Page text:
The Wehrmacht-Einheitskanister, as it was known in Germany, was first developed in 1937 by the Müller engineering firm in Schwelm to a design by their chief engineer Vinzenz Grünvogel. A similar design was used in 1936 during the Spanish Civil War, where they had a company logo for Ambi-Budd Presswerk G.m.b.H.
By 1939 the German military had thousands of such cans stockpiled in anticipation of war. Motorised troops were issued the cans with lengths of rubber hose in order to siphon fuel from any available source, as a way to aid their rapid advance through Poland at the start of the Second World War.
American lack of interest
In 1939, American engineer Paul Pleiss had built a vehicle to journey to India with his German colleague. After building the car, they realised they did not have any storage for emergency water. The German engineer had access to the stockpile of jerrycans at Berlin Tempelhof Airport and managed to take three of them. They drove across 11 national borders without incident until Field Marshal Göring sent a plane to take the engineer home. The German engineer also gave Pleiss complete specifications for the manufacture of the can. Pleiss continued on to Calcutta, put his car in storage, and flew back to Philadelphia, where he told American military officials about the can. He could raise no interest. Without a sample, he realised he could not get anywhere. He eventually shipped the car to New York by a roundabout method, and sent a can to Washington. The War Department decided instead to use World War I ten-US-gallon (38 l; 8.3 imp gal) cans with two screw closures, which required both a spanner and funnel for pouring.
The one jerrycan in American possession was sent to Camp Holabird, Maryland, where it was poorly redesigned. The new design only retained the handles, size and shape. The weld was replaced with rolled seams which were prone to leakage, the lining was removed and it now required a wrench and a funnel.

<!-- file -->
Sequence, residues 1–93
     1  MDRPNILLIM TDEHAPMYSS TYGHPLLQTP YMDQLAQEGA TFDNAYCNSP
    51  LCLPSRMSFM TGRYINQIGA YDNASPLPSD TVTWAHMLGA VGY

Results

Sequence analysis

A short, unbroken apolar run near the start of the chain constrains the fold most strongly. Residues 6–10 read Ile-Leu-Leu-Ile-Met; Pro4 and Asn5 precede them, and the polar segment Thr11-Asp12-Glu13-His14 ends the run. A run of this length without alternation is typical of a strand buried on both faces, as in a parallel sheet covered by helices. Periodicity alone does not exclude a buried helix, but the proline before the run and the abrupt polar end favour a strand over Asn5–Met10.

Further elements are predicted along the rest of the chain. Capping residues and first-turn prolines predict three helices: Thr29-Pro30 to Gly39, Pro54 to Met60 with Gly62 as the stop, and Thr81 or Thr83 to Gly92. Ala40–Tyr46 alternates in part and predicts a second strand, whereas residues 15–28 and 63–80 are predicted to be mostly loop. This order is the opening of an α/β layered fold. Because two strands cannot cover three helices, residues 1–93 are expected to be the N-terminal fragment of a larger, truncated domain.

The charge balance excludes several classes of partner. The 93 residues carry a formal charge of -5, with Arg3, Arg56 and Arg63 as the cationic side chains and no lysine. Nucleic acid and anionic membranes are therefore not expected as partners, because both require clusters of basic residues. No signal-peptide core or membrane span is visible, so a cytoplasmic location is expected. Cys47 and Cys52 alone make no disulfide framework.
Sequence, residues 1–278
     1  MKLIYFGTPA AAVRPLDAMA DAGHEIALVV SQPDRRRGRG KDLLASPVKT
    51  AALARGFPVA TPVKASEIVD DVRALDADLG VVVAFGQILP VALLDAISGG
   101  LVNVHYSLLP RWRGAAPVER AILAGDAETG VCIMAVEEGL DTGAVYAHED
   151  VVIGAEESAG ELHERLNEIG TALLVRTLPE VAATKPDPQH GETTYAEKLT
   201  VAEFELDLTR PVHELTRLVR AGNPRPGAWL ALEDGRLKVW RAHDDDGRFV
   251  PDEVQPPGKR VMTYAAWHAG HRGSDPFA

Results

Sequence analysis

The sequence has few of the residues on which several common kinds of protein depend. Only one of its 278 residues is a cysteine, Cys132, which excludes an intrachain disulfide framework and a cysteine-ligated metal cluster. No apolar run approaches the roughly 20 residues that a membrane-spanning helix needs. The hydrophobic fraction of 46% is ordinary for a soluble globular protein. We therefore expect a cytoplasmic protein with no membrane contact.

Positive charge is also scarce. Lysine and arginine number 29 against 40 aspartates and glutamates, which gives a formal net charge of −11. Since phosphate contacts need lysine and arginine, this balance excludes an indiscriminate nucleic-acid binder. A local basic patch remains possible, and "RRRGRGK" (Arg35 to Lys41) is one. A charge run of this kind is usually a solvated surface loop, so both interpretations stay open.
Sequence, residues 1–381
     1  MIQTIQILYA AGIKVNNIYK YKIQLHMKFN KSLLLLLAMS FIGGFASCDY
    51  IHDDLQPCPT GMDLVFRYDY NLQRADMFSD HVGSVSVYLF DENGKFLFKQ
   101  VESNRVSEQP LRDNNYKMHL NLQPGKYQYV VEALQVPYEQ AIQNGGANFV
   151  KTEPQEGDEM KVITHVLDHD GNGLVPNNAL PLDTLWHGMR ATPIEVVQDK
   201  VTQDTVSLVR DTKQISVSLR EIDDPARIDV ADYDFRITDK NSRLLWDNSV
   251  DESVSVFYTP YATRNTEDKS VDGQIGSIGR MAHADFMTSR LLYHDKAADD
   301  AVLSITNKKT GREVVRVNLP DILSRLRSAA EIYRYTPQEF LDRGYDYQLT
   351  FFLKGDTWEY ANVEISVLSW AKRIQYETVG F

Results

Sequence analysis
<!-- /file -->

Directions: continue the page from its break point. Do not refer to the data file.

The original design proved far superior and these fuel containers were subsequently used in all theatres of war around the world. Such was the importance of the cans in the war effort that President Roosevelt noted “Without these cans it would have been impossible for our armies to cut their way across France at a lightning pace which exceeded the German Blitzkrieg of 1940.”
The strength of the Wehrmachtskanister was determined in the Soviet Union. Its design was later copied and the Soviet Army accepted it as the standard container for liquids. This container is still being produced and used in modern Russia. In civilian use this container is used primarily for automotive fuel and lubricants.
The German/British design jerrycan is still a standard fuel and other liquids container in the armies of the NATO countries.
Finnish designer Eero Rislakki designed a plastic jerry can in 1970 with a small screwable stopper on the top side behind the handle to allow air flowing in to ensure smooth fuel outflow. It is lighter than the original design yet almost as sturdy. It was quickly adopted by the Finnish armed forces, and is commercially available.